Public Sector Unions Should Not Receive Preferential Treatment

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Unionized government workers now outnumber unionized workers in the private sector. What does this mean for taxpayers?

Dr. Daniel D’Amico of Loyola University points out, “with collective contracts it is difficult to maintain good incentives for individual job performance.” In other words, better workers get the same wage as lower performing workers. Further, “if a union obtains better terms for its members, then the costs of production paid by employers increase.” The higher production costs will be shifted to the consumer, resulting in higher priced goods and services.

The Cato Institute‘s Chris Edwards analyzes the cost of public-sector unions for our overall economy. Specifically, his statistical analysis shows that the state’s public debt increases as the size of the unionized state workforce increases. Further, Edwards demonstrates that the state’s management quality decreases as the union’s share in the state workforce increases.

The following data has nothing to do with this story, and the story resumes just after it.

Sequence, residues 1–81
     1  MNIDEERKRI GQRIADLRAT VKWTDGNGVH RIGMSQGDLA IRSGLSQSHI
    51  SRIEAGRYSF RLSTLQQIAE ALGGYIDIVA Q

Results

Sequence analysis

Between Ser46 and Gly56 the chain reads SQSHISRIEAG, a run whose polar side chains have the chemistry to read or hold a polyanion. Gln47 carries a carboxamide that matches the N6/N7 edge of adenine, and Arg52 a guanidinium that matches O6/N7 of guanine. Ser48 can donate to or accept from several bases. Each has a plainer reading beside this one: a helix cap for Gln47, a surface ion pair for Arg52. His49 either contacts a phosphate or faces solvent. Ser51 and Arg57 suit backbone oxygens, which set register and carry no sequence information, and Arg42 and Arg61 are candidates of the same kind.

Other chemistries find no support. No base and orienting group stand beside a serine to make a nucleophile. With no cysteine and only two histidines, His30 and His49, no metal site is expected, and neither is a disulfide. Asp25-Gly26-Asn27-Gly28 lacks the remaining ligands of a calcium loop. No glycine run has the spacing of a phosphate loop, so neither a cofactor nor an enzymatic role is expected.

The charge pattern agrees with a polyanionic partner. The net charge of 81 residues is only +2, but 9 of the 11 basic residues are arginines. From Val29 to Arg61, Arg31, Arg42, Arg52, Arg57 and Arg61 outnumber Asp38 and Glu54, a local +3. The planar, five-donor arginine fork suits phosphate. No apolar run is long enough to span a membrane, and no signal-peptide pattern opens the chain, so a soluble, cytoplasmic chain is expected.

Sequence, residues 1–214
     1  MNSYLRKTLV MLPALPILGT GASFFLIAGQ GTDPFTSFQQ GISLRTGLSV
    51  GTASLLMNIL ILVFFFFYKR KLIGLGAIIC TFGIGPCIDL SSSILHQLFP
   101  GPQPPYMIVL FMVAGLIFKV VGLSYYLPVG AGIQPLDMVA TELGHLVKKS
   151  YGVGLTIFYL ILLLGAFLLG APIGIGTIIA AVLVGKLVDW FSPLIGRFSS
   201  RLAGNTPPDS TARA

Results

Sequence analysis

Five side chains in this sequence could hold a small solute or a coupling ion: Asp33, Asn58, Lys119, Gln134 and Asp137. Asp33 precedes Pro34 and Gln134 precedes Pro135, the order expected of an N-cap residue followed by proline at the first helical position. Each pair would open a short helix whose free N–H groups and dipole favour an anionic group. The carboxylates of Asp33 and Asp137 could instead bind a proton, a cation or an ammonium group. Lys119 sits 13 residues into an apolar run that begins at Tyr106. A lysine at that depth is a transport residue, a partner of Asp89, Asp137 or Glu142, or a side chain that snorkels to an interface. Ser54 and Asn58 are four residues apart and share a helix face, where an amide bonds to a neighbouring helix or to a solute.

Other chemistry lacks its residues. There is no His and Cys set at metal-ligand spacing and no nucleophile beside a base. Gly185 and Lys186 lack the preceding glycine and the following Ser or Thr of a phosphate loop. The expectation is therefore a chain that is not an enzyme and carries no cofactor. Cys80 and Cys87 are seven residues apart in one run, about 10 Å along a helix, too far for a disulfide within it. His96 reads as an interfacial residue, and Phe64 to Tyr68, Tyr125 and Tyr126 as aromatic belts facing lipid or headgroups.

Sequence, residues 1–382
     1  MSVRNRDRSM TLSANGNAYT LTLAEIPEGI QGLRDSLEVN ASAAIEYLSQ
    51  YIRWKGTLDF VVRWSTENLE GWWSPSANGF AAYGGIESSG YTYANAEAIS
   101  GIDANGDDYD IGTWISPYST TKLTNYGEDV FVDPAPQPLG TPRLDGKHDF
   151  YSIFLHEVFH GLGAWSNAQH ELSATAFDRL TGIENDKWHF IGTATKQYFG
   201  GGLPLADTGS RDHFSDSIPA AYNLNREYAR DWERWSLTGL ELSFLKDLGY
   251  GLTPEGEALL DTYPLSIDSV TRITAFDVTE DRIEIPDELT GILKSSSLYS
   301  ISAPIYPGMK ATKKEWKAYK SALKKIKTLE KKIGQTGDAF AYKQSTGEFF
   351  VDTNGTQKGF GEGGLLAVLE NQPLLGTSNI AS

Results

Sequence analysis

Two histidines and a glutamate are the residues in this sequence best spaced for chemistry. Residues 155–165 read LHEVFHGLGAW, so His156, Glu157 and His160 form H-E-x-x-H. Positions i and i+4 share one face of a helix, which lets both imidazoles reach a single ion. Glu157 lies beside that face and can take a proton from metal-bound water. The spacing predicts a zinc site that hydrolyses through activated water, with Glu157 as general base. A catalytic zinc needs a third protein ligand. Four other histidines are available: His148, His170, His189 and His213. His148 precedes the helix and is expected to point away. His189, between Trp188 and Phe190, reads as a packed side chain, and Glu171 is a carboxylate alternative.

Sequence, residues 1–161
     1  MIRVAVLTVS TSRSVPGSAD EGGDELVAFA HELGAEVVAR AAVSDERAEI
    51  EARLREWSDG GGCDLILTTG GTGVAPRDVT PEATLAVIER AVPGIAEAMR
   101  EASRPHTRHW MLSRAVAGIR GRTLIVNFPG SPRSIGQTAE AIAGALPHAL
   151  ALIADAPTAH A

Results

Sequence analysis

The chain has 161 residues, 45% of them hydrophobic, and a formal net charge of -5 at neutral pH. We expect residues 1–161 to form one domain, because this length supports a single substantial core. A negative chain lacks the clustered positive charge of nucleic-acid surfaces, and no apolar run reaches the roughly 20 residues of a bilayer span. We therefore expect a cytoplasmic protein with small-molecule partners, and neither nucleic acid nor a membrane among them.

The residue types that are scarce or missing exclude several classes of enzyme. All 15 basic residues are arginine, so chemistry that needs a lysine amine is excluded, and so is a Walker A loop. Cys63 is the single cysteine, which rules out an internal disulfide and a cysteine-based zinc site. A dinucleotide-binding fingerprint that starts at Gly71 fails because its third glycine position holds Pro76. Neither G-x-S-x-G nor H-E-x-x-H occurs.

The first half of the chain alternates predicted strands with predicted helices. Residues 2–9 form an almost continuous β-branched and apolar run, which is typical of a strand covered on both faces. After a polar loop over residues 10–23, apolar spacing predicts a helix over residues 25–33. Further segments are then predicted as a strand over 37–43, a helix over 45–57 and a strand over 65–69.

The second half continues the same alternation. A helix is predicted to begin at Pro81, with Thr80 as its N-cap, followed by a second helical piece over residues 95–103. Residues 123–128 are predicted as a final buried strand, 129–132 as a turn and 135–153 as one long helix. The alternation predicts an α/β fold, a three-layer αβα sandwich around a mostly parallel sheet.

Due to their political influence, public-sector unions are not subject to competition and their workers are indirectly granted preferences over non-union members. By relying on government’s preferential treatment, public-sector unions skew market forces: collective bargaining in the public sector creates higher labor costs. Further, states provide lower quality services while taking on increased financial pressures.

In order to safeguard taxpayers’ money, legislators should end their political preference for public unions and limit public unions’ influence by encouraging competition across the public sector. These measures will improve the quality of public services by limiting excessive increases in labor costs and the unnecessary waste of taxpayer money.

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